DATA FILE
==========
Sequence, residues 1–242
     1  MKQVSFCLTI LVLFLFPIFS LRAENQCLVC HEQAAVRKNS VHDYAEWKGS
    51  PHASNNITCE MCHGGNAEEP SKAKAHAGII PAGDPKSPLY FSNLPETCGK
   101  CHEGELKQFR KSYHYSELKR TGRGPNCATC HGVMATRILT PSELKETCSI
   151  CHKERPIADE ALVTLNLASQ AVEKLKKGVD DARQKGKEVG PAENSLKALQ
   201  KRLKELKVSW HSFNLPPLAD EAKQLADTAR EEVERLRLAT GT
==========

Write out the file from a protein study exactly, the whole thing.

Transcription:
Sequence, residues 1–242
     1  MKQVSFCLTI LVLFLFPIFS LRAENQCLVC HEQAAVRKNS VHDYAEWKGS
    51  PHASNNITCE MCHGGNAEEP SKAKAHAGII PAGDPKSPLY FSNLPETCGK
   101  CHEGELKQFR KSYHYSELKR TGRGPNCATC HGVMATRILT PSELKETCSI
   151  CHKERPIADE ALVTLNLASQ AVEKLKKGVD DARQKGKEVG PAENSLKALQ
   201  KRLKELKVSW HSFNLPPLAD EAKQLADTAR EEVERLRLAT GT